Author: Jonathan Franzen
Format: Personal copy
From Goodreads: Patty and Walter Berglund were the new pioneers of old St. Paul—the gentrifiers, the hands-on parents, the avant-garde of the Whole Foods generation. Patty was the ideal sort of neighbor, who could tell you where to recycle your batteries and how to get the local cops to actually do their job. She was an enviably perfect mother and the wife of Walter’s dreams. Together with Walter—environmental lawyer, commuter cyclist, total family man—she was doing her small part to build a better world.
But now, in the new millennium, the Berglunds have become a mystery. Why has their teenage son moved in with the aggressively Republican family next door? Why has Walter taken a job working with Big Coal? What exactly is Richard Katz—outré rocker and Walter’s college best friend and rival—still doing in the picture? Most of all, what has happened to Patty? Why has the bright star of Barrier Street become “a very different kind of neighbor,” an implacable Fury coming unhinged before the street’s attentive eyes?
In his first novel since The Corrections, Jonathan Franzen has given us an epic of contemporary love and marriage. Freedom comically and tragically captures the temptations and burdens of liberty: the thrills of teenage lust, the shaken compromises of middle age, the wages of suburban sprawl, the heavy weight of empire. In charting the mistakes and joys of Freedom’s characters as they struggle to learn how to live in an ever more confusing world, Franzen has produced an indelible and deeply moving portrait of our time.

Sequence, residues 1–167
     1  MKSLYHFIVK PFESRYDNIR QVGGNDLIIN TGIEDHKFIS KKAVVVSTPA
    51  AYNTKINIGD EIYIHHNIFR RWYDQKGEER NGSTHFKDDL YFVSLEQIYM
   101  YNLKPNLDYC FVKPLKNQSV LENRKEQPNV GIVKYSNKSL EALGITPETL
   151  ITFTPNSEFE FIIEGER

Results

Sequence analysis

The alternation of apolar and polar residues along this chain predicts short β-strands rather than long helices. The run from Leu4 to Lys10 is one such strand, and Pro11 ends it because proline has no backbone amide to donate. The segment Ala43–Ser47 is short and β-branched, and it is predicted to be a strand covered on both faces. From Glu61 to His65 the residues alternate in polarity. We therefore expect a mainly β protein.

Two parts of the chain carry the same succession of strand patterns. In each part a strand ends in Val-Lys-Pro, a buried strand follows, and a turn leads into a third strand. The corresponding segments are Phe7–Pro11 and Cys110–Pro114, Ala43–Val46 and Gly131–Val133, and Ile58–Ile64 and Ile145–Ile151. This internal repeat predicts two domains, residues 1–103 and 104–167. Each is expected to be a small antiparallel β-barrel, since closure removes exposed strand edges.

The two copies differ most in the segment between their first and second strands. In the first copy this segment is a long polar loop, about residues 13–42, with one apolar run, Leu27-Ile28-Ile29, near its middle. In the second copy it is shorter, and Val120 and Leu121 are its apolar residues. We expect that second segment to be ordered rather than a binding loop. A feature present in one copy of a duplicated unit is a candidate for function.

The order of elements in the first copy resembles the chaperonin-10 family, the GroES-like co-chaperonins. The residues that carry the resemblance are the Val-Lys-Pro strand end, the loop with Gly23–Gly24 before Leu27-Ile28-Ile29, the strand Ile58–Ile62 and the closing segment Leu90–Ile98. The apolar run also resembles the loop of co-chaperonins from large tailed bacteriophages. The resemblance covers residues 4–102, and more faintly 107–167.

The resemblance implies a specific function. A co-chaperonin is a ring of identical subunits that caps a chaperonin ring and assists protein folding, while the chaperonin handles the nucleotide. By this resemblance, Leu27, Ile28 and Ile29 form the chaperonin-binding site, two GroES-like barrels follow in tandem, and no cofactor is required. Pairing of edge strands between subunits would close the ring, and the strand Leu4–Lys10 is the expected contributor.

What I thought: A friend bought this for my birthday over 12 months ago. I'd heard mixed things about it so I kept putting it off. In the end, I don't think I was missing much! I almost gave up reading it so many times, but then it would catch my interest again and I'd keep going. In the end, I just decided to see it through. It's the type of book that frustrates me, because I cannot pinpoint exactly why I don't like it. I know that by the end of it I didn't really like any of the characters, but I've had that before and still enjoyed the book. I understand why it's been give the Great American Novel by some, it has that feel to it, and maybe the problem I have is I'm not American and therefore don't get all the references or have the perspective needed. I'm glad I read it though.
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